Alleged Edson arsonist’s trial delayed after accused rips out own toenails

The judge, who previously suggested Berube was engaged in “ploys” to delay the trial, said the fact he was engaging in self-harm changed things, ordering an evaluation by doctors at Alberta Hospital Edmonton

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The trial of an alleged Alberta arsonist has been delayed after the accused ripped out his own toenails.

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Thomas James Berube’s trial for his role in five suspicious fires in the Edson area resumed Wednesday, but was immediately sidetracked when a sheriff announced the 39-year-old had been self-harming in his holding cell.

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Court heard Berube had ripped off five toenails on one foot and had started work removing his fingernails.

Judge Thomas Achtymichuk, who previously suggested Berube was engaged in “ploys” to delay the trial, said the fact Berube was engaging in self-harm changed things. He said Berube will need to undergo an assessment of his fitness to stand trial before the proceedings can continue.   

“I’m not satisfied he has the capacity, at this point at least, to understand what’s going on,” Achtymichuk said, as Berube rocked back and forth silently in the prisoner’s box. “This is a different order of magnitude from what we’ve seen so far.”

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Achtymichuk ordered Berube be assessed by doctors at Alberta Hospital Edmonton. The trial, which was supposed to conclude Sept. 9, will resume Sept. 1 to determine next steps. 

Berube and a teenage co-accused were arrested Feb. 27, 2020, after a string of fires in the Edson area that caused more than $10 million in damage. The impacted businesses include two Edson car dealerships, a gas station and a Whitecourt pet store, which Berube or the teenager allegedly set on fire after breaking in and stealing items including tires, generators and a chihuahua puppy.

Berube faces a total of 14 charges, including arson, break and enter and animal cruelty.

Monday saw the start of the second attempt to try Berube in the charges. He has had a total of five lawyers, one of whom was discharged ahead of a previously scheduled four-week trial.

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Fire crews battle a fire at Edson Honda Dec. 30, 2019. Photo supplied by the Town of Edson.
Fire crews battle a fire at Edson Honda Dec. 30, 2019. Photo supplied by the Town of Edson. Photo by Supplied /00089354A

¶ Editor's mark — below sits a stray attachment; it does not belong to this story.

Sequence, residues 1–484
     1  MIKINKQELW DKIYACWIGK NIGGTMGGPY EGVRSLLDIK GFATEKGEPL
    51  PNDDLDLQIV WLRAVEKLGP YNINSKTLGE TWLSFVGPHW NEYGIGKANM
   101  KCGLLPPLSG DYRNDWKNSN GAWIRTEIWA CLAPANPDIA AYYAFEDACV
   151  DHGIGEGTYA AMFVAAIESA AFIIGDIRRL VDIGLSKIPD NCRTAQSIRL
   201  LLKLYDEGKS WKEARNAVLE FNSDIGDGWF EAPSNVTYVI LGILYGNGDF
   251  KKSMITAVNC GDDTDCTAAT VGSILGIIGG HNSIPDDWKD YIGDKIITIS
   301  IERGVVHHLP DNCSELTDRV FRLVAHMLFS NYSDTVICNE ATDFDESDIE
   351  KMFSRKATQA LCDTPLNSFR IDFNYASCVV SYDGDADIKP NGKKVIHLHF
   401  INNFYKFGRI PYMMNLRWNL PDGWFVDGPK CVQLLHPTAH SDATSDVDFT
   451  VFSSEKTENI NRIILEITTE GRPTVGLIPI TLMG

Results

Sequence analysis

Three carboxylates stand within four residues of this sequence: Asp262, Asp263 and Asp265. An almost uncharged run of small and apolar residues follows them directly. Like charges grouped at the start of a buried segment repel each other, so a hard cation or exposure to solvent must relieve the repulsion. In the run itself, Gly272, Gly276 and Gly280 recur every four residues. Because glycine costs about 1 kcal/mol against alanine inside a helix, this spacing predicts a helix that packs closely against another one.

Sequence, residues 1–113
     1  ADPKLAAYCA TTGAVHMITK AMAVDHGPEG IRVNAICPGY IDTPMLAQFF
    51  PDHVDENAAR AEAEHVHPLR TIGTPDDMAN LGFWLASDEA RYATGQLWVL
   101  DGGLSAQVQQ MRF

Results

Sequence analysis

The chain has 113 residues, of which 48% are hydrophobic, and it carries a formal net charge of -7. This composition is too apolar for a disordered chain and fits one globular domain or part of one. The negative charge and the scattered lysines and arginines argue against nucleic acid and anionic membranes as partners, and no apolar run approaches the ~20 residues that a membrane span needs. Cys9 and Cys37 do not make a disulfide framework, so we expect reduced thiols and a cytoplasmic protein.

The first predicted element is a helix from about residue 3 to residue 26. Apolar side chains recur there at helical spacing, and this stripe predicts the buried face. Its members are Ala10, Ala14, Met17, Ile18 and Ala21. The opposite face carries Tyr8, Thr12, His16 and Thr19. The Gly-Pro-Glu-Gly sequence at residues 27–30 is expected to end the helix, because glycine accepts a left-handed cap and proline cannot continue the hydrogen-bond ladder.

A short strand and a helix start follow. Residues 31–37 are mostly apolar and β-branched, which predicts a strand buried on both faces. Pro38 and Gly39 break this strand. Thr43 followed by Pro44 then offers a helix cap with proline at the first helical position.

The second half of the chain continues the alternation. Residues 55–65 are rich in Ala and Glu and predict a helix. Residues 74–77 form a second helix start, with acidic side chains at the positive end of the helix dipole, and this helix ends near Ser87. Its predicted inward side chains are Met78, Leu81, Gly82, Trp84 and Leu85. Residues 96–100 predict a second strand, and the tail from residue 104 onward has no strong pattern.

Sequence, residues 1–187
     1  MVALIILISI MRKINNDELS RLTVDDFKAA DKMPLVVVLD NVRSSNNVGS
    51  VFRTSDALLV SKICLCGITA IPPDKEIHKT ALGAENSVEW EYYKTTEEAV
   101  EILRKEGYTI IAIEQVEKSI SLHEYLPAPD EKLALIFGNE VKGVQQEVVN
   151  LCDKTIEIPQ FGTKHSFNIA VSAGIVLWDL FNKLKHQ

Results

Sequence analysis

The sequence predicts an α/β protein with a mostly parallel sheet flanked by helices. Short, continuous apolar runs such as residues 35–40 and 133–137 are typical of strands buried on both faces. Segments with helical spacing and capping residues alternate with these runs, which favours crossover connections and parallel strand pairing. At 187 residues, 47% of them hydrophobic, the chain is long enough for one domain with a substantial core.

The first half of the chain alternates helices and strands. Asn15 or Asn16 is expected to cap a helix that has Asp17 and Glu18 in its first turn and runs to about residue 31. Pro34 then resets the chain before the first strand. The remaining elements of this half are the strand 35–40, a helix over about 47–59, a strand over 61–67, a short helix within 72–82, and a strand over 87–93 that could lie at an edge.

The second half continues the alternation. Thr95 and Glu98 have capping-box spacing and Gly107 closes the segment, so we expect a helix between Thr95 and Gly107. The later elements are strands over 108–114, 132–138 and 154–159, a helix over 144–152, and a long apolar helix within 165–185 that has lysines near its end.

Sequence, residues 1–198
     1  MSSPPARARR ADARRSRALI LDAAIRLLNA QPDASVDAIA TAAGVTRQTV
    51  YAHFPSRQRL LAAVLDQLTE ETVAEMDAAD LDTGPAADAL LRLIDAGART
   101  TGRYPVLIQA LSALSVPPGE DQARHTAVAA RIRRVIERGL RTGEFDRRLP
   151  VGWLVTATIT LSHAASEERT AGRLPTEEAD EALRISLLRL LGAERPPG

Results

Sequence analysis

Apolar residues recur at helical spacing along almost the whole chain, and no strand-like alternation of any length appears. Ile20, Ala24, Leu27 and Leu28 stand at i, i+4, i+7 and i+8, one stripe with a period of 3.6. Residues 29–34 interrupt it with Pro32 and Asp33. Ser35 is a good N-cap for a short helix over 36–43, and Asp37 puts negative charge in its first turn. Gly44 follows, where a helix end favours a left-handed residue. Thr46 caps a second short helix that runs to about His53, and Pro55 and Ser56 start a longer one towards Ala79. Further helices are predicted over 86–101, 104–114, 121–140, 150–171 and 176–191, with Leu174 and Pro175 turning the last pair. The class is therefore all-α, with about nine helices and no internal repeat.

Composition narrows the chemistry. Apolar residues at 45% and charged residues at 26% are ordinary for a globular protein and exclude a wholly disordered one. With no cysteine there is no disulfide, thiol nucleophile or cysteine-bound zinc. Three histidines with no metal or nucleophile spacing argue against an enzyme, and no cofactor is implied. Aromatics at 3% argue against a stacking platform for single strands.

Berube’s second trial was supposed to start Aug. 15 but was delayed to allow Berube time to speak with his latest lawyer. The Crown finally began calling evidence a week later, but was sidetracked when defence lawyer Robert Gladu informed court that Berube wished to fire him.

Achtymichuk urged Berube to reconsider, telling him he would have to represent himself if he fires another lawyer. Berube responded by claiming he wasn’t in fact firing Gladu, and that he had had conversations about the court process with ants on the wall of his cell. At times, he refused to respond to the judge, staring off into the middle distance.

Achtymichuk told court he believed Berube’s actions were  “simply ploys to delay the trial, for whatever reason.”

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“Mr. Berube, I don’t believe you were talking to ants on the wall,” Achtymichuk told him, saying he had previously been clear and lucid, with no apparent trouble understanding the court process. 

Wednesday was supposed to begin with discussions about appointing an amicus lawyer to assist court as Berube runs his own case. However, news of Berube’s toenails delayed matters again. Achtymichuk said there are risks Berube might develop an infection, and that pushing ahead with the trial might cause him to refuse treatment. 

“I think there are reasonable grounds to believe an assessment order is necessary to determine if he is fit to stand trial,” Achtymichuk said, adding an accused’s fitness to stand trial can vary from one day to the next. 

The teen, who was still under examination by the Crown at the time Berube fired Gladu, is currently serving a nine-month youth sentence for his role in the fires.



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